The U.S. trade deficit widened more than expected in November, as stronger consumer and manufacturer demand pushed imports to the highest level in nearly a year.
The monthly trade gap grew 9.7 percent to $36.4 billion, from an upwardly revised estimate of $33.2 billion in October, a Commerce Department report showed on Tuesday.
Analysts surveyed before the report had expected the deficit to widen to about $34.8 billion.
U.S. imports of goods and services jumped 2.6 percent to $174.6 billion, the highest since December 2008.
The average price for a barrel of imported oil rose to $72.54, the highest since October 2008, but volume was the lowest in more than 10 years.
The overall import jump reflected gains in industrial supplies and materials, consumer goods and capital goods, which more than offset slight declines for food and auto imports.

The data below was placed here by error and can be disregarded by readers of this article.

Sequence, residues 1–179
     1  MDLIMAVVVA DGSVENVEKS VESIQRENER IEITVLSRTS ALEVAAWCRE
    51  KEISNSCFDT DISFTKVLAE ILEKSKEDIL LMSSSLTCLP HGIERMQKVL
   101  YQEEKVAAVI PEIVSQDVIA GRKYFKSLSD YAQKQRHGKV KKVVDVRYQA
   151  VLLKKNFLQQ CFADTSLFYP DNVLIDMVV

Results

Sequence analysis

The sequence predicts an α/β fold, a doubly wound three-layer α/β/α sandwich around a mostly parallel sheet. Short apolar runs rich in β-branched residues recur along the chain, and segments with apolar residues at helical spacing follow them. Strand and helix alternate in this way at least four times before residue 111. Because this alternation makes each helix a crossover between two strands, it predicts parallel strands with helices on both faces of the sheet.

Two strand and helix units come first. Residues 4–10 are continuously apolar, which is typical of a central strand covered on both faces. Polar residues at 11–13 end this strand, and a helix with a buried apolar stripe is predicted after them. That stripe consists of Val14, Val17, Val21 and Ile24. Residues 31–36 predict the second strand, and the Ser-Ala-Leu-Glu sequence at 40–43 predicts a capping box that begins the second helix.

The trade data had little impact on financial markets. U.S. stocks looked set to open lower, weighed down by disappointing earnings results from Alcoa Inc and an earnings warning from Chevron Corp. For more, see
U.S. exports of goods and services rose by a less robust 0.9 percent in November to $138.2 billion, the highest in a year.
That included a record $7.3 billion to China, beating the record set just one month before. Soybeans were the major cause of the increase in both October and November, as U.S. suppliers stepped in to fill a shortage caused by drought in Argentina.
However, U.S. semiconductor exports to China were down $1.5 billion in the first 11 months of 2009, as the U.S. trade deficit for advanced technology goods hit a record in November.
Food, feed and beverage exports posted the biggest overall gain in November, followed by autos and capital goods. Exports of consumer goods and industrial materials showed slight declines.
The global financial crisis sharply curtailed trade in developed countries last year. As a result, the U.S. trade gap appears likely to fall below $400 billion in 2009 for first time since 2001. Through the end of November, the trade gap totaled $340.6 billion.
(Reporting by Doug Palmer, Editing by Neil Stempleman.)